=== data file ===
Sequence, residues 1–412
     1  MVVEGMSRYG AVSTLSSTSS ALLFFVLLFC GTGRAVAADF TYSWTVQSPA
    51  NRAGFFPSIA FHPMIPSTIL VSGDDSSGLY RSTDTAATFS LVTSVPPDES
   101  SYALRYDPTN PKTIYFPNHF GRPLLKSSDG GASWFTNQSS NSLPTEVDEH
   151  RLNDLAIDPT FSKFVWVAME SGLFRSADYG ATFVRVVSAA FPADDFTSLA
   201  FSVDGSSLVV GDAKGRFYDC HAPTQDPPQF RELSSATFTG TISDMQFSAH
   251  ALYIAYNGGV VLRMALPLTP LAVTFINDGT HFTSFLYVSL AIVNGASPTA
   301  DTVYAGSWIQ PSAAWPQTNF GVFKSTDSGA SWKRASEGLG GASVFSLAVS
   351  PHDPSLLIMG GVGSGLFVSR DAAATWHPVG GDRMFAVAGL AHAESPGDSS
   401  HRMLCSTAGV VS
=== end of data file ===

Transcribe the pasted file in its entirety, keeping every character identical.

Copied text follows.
Sequence, residues 1–412
     1  MVVEGMSRYG AVSTLSSTSS ALLFFVLLFC GTGRAVAADF TYSWTVQSPA
    51  NRAGFFPSIA FHPMIPSTIL VSGDDSSGLY RSTDTAATFS LVTSVPPDES
   101  SYALRYDPTN PKTIYFPNHF GRPLLKSSDG GASWFTNQSS NSLPTEVDEH
   151  RLNDLAIDPT FSKFVWVAME SGLFRSADYG ATFVRVVSAA FPADDFTSLA
   201  FSVDGSSLVV GDAKGRFYDC HAPTQDPPQF RELSSATFTG TISDMQFSAH
   251  ALYIAYNGGV VLRMALPLTP LAVTFINDGT HFTSFLYVSL AIVNGASPTA
   301  DTVYAGSWIQ PSAAWPQTNF GVFKSTDSGA SWKRASEGLG GASVFSLAVS
   351  PHDPSLLIMG GVGSGLFVSR DAAATWHPVG GDRMFAVAGL AHAESPGDSS
   401  HRMLCSTAGV VS